Walgreen (NYSE:WAG), the largest drugstore chain in the U.S. has seen its price increase by over 30% since the start of this year, mainly on account of it dispute resolution with Express Scripts and its expanding footprint in new markets. The company showed renewed growth momentum by reporting a modest y-o-y rise (8%) in its July 2013 sales figures. Walgreen’s calendar 2013 sales to date (as of July) stand at $42.02 billion, which is 3.4% higher compared to the same period last year.
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The aging U.S population, new drug therapies and the Affordable Care Act expanding insurance to millions of Americans are some of the key factors driving growth in the U.S. pharmaceutical industry. Being present across 8,571 locations across the U.S., the District of Columbia, Puerto Rico and Guam, we believe that Walgreen is in a strong position to leverage the above trends.
Our price estimate of $45 for Walgreen is at a discount of under 10% to the current market price. While we remain positive on the company’s long-term outlook, we think that the intense competition from Rite Aid (NYSE:RAD), CVS Caremark (NYSE:CVS) and the Wal-Mart pharmacy can limit its growth potential in the future. In this article we discuss key trends impacting Walgreen’s business.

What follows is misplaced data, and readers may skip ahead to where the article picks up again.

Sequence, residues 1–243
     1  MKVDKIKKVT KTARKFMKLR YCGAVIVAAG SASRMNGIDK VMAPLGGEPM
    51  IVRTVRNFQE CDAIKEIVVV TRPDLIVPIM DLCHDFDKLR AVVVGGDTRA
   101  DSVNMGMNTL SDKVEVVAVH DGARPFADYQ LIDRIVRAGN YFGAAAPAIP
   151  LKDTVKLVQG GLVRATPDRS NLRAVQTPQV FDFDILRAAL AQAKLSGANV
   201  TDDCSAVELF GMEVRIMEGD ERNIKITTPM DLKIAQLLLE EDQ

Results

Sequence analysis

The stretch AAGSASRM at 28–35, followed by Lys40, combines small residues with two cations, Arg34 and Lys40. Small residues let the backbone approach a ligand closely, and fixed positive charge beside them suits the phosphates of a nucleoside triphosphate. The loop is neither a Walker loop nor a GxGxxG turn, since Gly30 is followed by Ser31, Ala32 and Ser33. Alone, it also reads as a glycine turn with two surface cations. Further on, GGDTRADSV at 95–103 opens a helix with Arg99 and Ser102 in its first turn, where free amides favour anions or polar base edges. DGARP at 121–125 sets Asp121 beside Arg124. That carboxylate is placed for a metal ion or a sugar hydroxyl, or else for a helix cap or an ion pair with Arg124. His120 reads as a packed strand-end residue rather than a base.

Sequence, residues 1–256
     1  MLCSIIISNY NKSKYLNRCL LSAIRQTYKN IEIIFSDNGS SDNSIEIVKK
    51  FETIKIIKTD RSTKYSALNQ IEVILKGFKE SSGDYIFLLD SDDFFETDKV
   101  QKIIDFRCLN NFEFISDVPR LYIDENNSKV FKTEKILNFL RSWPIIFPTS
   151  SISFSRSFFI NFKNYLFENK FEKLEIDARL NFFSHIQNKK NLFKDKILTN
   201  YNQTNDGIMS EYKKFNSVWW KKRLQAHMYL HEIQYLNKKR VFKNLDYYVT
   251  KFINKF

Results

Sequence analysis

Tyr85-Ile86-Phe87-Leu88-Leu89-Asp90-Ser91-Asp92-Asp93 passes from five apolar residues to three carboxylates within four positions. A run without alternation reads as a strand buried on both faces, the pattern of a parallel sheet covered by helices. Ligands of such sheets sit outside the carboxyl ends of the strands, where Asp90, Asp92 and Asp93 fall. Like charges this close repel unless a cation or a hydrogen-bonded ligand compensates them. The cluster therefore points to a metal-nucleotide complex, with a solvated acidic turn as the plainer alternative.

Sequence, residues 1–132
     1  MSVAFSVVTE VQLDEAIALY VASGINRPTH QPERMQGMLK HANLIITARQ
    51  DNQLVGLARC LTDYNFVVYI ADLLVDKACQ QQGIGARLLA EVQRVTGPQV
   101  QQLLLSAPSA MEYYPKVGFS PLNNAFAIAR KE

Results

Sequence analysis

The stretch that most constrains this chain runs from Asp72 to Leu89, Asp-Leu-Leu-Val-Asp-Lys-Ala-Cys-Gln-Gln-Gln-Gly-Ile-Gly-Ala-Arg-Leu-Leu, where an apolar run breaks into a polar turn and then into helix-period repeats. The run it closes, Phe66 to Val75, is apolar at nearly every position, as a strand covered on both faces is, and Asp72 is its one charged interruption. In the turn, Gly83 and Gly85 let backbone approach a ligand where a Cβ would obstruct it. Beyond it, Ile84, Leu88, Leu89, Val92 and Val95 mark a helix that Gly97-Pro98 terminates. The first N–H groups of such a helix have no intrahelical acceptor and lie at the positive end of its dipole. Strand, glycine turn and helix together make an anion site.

The Aging U.S. Population To Increase Prescription Drug Sales
The U.S. has an aging population and as older people contribute to a larger proportion of drug expenditures (people above 60 spend an average 2-3 times more than those below 40), this will lead to growth in the prescription drugs market in the U.S. The U.S. Census Bureau projects that within the next two decades, the proportion of total population over 65 years will increase from 13% to 19%, whereas those between 20 years and 65 years of age will decline from 60% to 55%.
In addition to the aging U.S. population, the rising government expenditures on healthcare will drive drug sales. The 2010, U.S. health reform legislation is expected to extend health coverage to more than 30 million uninsured Americans. Total prescription revenue earned by U.S. drugstores are expected to reach $350 billion by the end of 2015, growing at 5.3% annually. 
Walgreen has the highest number of stores in the U.S. and accounts for around 18% of the total retail prescription filled in the U.S.
Rising Proportion Of Lower Cost Generic Drugs Lower Revenues But Improve Margins
Generic drugs are comparitively lower priced but offer higher margins than branded drugs. Gross profit dollars are approximately 50% higher on generic drugs than on branded drugs. Generic drugs had a 7.3% negative impact on Walgreen’s comparable store revenues for the first six months of fiscal 2013, but increased gross margins by about 1.3%.